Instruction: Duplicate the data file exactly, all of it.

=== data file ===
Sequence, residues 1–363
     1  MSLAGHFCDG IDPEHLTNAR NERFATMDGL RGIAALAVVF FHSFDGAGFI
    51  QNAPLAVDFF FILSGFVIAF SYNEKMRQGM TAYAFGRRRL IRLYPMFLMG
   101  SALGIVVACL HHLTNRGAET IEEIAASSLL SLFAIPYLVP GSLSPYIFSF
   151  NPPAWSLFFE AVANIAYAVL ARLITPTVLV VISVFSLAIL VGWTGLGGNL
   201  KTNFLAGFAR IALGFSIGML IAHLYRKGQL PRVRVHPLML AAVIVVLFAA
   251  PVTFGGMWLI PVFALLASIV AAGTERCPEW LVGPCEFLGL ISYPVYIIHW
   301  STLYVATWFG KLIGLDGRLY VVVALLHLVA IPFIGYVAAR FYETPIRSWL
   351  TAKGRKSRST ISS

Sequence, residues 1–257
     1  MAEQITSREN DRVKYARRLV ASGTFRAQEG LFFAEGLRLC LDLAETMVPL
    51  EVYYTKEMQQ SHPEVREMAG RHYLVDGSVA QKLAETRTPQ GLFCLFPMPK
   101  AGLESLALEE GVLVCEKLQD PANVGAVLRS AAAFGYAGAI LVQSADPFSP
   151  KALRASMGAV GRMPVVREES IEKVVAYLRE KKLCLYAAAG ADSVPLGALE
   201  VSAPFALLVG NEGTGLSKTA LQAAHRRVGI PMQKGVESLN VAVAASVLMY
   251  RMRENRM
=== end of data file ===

Sequence, residues 1–363
     1  MSLAGHFCDG IDPEHLTNAR NERFATMDGL RGIAALAVVF FHSFDGAGFI
    51  QNAPLAVDFF FILSGFVIAF SYNEKMRQGM TAYAFGRRRL IRLYPMFLMG
   101  SALGIVVACL HHLTNRGAET IEEIAASSLL SLFAIPYLVP GSLSPYIFSF
   151  NPPAWSLFFE AVANIAYAVL ARLITPTVLV VISVFSLAIL VGWTGLGGNL
   201  KTNFLAGFAR IALGFSIGML IAHLYRKGQL PRVRVHPLML AAVIVVLFAA
   251  PVTFGGMWLI PVFALLASIV AAGTERCPEW LVGPCEFLGL ISYPVYIIHW
   301  STLYVATWFG KLIGLDGRLY VVVALLHLVA IPFIGYVAAR FYETPIRSWL
   351  TAKGRKSRST ISS

Sequence, residues 1–257
     1  MAEQITSREN DRVKYARRLV ASGTFRAQEG LFFAEGLRLC LDLAETMVPL
    51  EVYYTKEMQQ SHPEVREMAG RHYLVDGSVA QKLAETRTPQ GLFCLFPMPK
   101  AGLESLALEE GVLVCEKLQD PANVGAVLRS AAAFGYAGAI LVQSADPFSP
   151  KALRASMGAV GRMPVVREES IEKVVAYLRE KKLCLYAAAG ADSVPLGALE
   201  VSAPFALLVG NEGTGLSKTA LQAAHRRVGI PMQKGVESLN VAVAASVLMY
   251  RMRENRM